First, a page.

Despite having a pretty rough start (his parents were impoverished, his father reportedly hated him, and he had difficulty establishing himself in his early years as more modern styles were blossoming), Swedish artist Carl Larsson led something of a charmed life. As his family grew, so too did his popularity, and he became a regular contributor to many well-known magazines of the era, including Jugend. His style is organic but clean; he even dabbled in sequential art, making him one of the the first Scandinavian comics creators. Larsson and his stunningly attractive wife Karin, also an artist and designer, had eight children, whom Larsson adored profoundly (breaking the pattern of his cold and abusive father), making them the subject of much of his art. Holidays were a big deal at the Larsson household and there are several pieces by Larsson to attest to this.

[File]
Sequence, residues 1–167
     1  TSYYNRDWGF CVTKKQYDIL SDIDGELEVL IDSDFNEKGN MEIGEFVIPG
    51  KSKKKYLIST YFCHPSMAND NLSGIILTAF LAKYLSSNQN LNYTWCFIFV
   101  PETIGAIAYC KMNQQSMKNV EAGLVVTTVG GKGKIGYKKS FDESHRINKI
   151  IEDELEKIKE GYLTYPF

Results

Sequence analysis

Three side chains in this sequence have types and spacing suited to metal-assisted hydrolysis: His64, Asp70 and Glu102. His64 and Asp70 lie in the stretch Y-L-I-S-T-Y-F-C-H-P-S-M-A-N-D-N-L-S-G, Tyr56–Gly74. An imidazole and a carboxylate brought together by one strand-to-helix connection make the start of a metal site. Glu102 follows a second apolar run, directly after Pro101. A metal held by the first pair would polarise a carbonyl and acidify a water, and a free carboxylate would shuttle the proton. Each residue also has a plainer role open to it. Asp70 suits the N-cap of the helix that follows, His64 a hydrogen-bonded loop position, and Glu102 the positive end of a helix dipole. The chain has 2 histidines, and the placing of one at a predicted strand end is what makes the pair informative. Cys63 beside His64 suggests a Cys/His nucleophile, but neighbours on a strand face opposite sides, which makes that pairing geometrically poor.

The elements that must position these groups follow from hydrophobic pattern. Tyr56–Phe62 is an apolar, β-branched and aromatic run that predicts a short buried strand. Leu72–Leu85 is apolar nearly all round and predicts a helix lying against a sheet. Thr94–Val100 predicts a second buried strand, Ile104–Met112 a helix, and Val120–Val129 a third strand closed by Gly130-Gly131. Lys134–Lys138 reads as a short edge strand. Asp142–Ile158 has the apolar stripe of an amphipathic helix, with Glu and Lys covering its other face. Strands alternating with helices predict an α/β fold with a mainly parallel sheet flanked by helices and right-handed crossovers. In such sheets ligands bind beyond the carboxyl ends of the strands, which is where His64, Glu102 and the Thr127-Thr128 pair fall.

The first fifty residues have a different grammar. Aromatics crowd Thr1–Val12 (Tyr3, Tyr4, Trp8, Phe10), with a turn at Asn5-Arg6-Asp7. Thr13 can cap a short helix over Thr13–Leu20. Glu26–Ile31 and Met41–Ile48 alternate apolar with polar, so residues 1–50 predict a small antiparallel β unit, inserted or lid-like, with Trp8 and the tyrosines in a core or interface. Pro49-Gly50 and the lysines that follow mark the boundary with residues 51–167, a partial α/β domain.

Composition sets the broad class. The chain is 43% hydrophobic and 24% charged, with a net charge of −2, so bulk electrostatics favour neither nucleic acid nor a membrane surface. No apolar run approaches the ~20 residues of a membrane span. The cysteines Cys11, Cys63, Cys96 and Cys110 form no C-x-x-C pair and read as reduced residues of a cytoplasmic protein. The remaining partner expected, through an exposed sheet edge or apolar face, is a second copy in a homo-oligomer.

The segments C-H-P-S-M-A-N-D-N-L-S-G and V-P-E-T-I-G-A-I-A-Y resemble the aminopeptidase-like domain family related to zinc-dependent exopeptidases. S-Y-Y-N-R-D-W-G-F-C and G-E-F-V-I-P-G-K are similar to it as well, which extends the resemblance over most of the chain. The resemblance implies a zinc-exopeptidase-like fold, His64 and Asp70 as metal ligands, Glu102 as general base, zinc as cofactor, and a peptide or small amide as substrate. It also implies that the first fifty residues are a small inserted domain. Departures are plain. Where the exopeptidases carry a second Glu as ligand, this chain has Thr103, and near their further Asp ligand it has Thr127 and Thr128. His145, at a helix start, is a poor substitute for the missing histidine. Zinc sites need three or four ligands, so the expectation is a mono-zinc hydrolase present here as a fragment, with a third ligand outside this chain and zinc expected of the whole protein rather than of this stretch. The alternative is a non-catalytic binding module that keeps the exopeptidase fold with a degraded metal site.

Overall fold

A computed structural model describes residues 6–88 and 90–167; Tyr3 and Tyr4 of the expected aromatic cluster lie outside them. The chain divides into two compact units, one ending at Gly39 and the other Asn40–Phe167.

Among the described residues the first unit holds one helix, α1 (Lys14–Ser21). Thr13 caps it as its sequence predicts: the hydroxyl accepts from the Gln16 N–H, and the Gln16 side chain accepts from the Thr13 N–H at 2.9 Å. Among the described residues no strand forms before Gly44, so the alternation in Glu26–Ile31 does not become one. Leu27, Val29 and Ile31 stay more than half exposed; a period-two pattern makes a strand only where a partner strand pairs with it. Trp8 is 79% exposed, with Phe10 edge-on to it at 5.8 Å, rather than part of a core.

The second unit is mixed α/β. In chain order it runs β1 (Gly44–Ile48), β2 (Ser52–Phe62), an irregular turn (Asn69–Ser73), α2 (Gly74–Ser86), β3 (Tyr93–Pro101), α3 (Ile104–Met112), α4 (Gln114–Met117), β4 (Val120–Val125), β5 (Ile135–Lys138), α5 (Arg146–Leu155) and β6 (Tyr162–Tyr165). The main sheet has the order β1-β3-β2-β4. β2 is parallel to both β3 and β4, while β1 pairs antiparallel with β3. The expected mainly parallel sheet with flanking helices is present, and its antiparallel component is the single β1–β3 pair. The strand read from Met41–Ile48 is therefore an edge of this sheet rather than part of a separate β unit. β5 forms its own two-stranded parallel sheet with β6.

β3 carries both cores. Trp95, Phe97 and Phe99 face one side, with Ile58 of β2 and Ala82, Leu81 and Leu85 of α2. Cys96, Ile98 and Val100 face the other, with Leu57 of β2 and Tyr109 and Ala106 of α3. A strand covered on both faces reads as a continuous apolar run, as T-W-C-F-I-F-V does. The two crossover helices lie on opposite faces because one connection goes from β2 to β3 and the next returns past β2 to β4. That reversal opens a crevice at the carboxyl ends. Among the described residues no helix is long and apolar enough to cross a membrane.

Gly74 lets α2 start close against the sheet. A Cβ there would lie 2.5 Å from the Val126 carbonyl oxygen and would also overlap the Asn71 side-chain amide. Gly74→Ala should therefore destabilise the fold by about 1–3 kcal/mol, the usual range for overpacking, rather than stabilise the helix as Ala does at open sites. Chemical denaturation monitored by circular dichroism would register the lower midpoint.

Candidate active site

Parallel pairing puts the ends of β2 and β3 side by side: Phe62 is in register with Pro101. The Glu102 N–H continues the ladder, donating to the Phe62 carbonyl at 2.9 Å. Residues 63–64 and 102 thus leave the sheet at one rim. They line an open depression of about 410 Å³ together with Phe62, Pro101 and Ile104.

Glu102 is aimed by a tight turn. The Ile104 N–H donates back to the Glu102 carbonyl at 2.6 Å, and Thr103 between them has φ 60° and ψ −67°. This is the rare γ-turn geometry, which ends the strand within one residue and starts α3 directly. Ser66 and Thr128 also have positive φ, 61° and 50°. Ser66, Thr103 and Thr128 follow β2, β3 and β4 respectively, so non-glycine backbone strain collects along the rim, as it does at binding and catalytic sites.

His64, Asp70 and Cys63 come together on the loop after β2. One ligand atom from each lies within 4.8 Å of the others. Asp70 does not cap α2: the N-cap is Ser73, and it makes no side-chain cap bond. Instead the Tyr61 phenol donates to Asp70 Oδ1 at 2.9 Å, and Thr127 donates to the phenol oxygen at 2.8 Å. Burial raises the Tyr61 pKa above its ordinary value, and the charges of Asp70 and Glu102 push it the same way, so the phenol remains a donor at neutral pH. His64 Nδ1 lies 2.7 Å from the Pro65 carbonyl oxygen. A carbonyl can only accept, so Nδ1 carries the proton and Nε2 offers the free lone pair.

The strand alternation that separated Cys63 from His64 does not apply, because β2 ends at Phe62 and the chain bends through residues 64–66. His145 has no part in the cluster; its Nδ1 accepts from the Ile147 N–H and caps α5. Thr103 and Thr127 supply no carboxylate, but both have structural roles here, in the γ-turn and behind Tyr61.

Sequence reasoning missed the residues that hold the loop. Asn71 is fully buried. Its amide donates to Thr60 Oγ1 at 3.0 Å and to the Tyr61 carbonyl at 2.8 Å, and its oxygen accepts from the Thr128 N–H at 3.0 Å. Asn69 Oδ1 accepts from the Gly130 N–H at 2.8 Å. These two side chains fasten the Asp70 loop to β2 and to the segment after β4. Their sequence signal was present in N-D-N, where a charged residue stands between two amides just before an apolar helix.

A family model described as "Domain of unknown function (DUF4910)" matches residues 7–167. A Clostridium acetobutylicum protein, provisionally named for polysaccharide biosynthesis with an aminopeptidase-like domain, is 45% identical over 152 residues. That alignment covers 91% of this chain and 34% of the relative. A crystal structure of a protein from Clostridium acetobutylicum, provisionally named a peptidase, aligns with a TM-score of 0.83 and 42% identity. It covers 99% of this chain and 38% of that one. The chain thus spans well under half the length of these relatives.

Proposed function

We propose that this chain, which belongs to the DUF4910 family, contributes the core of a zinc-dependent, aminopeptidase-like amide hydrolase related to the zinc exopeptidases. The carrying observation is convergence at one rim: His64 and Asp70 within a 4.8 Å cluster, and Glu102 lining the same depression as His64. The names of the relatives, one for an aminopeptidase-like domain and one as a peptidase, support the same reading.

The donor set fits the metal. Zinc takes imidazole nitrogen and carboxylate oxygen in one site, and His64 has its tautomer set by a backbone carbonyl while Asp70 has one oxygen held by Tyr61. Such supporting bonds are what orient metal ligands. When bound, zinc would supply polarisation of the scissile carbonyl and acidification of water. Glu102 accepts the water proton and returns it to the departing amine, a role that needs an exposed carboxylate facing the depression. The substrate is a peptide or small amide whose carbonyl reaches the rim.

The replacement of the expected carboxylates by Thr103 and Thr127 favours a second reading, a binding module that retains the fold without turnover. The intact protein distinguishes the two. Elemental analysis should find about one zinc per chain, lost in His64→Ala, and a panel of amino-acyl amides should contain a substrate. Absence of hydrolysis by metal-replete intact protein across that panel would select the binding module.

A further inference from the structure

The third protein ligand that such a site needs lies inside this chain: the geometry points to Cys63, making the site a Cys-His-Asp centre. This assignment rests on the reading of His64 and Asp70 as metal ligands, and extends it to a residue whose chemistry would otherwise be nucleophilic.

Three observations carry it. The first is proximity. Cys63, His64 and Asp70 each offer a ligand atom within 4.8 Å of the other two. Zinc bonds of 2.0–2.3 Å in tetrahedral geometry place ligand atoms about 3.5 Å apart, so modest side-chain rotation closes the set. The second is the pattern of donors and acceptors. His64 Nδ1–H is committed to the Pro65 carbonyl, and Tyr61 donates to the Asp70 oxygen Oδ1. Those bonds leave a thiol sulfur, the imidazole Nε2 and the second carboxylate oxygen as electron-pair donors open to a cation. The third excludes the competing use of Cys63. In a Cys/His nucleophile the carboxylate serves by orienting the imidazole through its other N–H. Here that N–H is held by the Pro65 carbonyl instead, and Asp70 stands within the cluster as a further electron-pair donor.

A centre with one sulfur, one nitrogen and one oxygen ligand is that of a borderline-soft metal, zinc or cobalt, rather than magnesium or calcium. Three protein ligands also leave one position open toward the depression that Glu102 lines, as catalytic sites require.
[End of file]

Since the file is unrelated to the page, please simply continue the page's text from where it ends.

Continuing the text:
Iduna (alternately Idun or Idunn in anglicized form) is the Norse goddess of youth and the guardian of the golden apples which the gods consume to maintain their immortality. Here Larsson’s daughter Brita portrays her for an image that was used for the 1901 Christmas issue of a magazine named for the goddess.
Now this is a Christmas feast!
St. Lucy is one of the few saints celebrated in Scandinavia, and her day, December 13th, is associated with Christmas. Traditionally, the eldest daughter in a family or an older girl in a village is selected to portray the saint, in which she is crowned with a headpiece bearing lights or candles, and then she leads a procession of younger sisters or other girls as they go about passing out candies or other treats to smaller children. At least, that’s how I understand it. 🙂